This here is actually more a comment than an answer. But since it is too long and contains an image, I would like to post it here. The short comment is: I cannot reproduce the problem. I tried it with \documentclass{standalone} \usepackage{pgfplots} \pgfplotsset{compat=1.9} \begin{document} \pgfplotsset{ S/.style={ scale only axis, ...

2

Here's the final result: The key to get rid of those sqrt values is to use none of the default ticks. Then you lose the default minor ticks, so you have to define minor ticks manually: logaxisx/.style={ xmode=log, xtick={0.02,0.05,0.2,0.5,2,5,20,50}, extra x ticks={0.01,0.1,1,10,100}, minor ...

4

You can modify the grid style (here say x axis) via adding major x grid style={draw=cyan!20}, to the axis options.

1

I plotted something similar to what you want using pgfplots. You can edit the legend transparency and its location to best fit what your plot you want to look like. %pdflatex \documentclass[margin=5mm]{standalone} \usepackage{tikz,pgfplots,pgfplotstable} \usetikzlibrary{patterns} \begin{document} \begin{tikzpicture} \begin{axis} [ ybar stacked, ...

2

Instead of enlargelimits=0.25, you need to specify how much pgfplots should introduce slack space around the plot. For example, using enlarge y limits={0.25,upper}, enlarge x limits=0.25, instead of enlargelimits=0.25 will give otherwise the extra space is added to both sides of the plot for both axis.

4

You can use \ifnum to test to see if \n is 1 or -1 and adjust the label: \ifnum\n=1 \textcolor{red}{$i$} \else \ifnum\n=-1 \textcolor{red}{$-i$} \else $\n i$ \fi \fi Notes: Added red color to make the changes more obvious. It is better to use pgfplots for graphing instead of just tikz. Code: ...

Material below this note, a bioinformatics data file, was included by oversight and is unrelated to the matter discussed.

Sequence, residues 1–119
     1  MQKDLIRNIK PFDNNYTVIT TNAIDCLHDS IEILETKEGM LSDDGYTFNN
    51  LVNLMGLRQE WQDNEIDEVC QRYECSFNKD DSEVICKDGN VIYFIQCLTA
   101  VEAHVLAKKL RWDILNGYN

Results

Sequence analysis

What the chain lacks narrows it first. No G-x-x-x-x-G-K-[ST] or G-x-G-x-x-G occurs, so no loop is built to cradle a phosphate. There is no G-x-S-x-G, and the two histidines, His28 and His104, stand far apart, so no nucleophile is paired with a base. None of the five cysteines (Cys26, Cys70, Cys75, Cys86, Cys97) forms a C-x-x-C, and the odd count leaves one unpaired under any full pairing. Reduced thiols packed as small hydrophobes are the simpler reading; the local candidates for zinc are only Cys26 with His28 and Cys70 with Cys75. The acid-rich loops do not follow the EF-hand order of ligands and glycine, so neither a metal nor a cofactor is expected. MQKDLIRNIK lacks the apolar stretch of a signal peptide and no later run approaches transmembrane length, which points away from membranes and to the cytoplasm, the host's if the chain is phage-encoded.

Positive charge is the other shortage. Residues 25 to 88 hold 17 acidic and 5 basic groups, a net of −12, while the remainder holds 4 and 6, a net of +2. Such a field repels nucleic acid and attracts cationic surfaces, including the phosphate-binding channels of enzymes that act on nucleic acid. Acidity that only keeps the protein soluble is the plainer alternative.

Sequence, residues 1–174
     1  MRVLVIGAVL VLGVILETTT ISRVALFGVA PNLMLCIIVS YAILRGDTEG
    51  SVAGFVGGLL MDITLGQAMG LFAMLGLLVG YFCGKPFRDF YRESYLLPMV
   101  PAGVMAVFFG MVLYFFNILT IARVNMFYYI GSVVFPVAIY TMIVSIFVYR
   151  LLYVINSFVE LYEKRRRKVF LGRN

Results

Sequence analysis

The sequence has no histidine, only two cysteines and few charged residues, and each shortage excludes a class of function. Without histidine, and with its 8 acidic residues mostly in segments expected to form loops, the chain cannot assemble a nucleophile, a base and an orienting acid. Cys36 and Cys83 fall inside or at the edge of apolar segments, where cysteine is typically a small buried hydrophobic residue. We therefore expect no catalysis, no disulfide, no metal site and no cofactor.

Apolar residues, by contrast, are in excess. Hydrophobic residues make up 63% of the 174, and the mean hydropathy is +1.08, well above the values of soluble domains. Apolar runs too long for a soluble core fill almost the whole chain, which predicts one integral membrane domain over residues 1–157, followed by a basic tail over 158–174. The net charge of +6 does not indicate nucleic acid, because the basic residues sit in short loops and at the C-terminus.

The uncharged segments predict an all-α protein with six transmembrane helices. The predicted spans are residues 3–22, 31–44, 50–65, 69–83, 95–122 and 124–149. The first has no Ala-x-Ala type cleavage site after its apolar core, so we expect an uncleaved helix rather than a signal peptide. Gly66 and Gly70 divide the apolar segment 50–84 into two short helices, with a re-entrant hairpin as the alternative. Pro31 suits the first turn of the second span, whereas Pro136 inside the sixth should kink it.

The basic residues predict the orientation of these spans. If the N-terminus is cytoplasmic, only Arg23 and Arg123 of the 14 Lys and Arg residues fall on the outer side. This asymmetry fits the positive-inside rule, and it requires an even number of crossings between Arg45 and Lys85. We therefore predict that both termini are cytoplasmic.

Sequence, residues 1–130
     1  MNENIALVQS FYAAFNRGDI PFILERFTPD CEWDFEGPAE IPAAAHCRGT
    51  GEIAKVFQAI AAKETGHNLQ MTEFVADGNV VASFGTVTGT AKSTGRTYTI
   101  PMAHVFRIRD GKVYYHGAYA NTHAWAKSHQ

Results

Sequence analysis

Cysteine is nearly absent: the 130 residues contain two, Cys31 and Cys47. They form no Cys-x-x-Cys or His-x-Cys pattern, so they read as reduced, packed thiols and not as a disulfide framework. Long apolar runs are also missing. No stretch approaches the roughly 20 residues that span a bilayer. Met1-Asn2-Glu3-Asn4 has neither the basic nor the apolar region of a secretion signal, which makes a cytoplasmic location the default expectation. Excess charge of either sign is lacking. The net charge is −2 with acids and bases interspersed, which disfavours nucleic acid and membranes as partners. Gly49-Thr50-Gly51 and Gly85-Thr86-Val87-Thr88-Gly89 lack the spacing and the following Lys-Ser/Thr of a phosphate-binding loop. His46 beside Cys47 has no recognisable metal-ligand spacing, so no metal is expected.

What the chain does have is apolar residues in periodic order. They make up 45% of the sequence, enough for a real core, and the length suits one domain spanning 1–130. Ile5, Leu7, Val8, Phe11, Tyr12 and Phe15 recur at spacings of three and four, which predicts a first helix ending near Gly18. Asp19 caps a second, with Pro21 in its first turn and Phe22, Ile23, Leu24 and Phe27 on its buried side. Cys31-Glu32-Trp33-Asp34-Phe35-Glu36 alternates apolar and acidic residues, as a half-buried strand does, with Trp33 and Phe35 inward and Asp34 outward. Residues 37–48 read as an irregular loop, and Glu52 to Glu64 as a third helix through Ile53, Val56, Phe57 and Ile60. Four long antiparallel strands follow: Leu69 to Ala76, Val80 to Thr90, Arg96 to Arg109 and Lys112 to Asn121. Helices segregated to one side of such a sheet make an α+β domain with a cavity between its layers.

2

You can plot your question in imaginary plane with an easier code, using pgfplots. %pdflatex \documentclass[margin=5mm]{standalone} \usepackage{pgfplots} \pgfplotsset{compat=1.9} \begin{document} \begin{tikzpicture} \begin{axis} [ ytick ={-7,...,8}, yticklabels={$-7i$, $-6i$, $-5i$, $-4i$, $-3i$, $-2i$, $-i$, $0$, $i$, $2i$, $3i$, $+3i$, $+4i$, ...

2

This is your original plot: I think you want to edit the scale factor which is mentioned automatically by the pgfplots on your plots. I found a sample code on this answer on this site, which may help you. This is possible by using two codes bellow which are added to the \begin{axis}[] If you want to write your own preferred scale factor on the axis, ...

7

The current stable version of pgfplots is version 1.11 (released August 2014). It supports this if you write \pgfplotsset{compat=1.11} into your preamble. Without this statement, it will remain compatible with the old behavior. \documentclass{standalone} \usepackage{pgfplots} \pgfplotsset{compat=1.11} \begin{document} \begin{tikzpicture} \begin{axis}[ ...

1

This is because you are actually seeing a 3D box from above and not actually drawing a true 2D box. Hence the drawing order makes the line cornering different. You can enforce a workaround via extending the axis lines by adding axis line style = {shorten <=-0.5\pgflinewidth,shorten >=-0.5\pgflinewidth} to the 3D plot axis options and that would ...

4

The function is sampled with radians points however assumes degree input. You either need to add trig format=rad or use the function as sin(deg(x)). Then it draws correctly.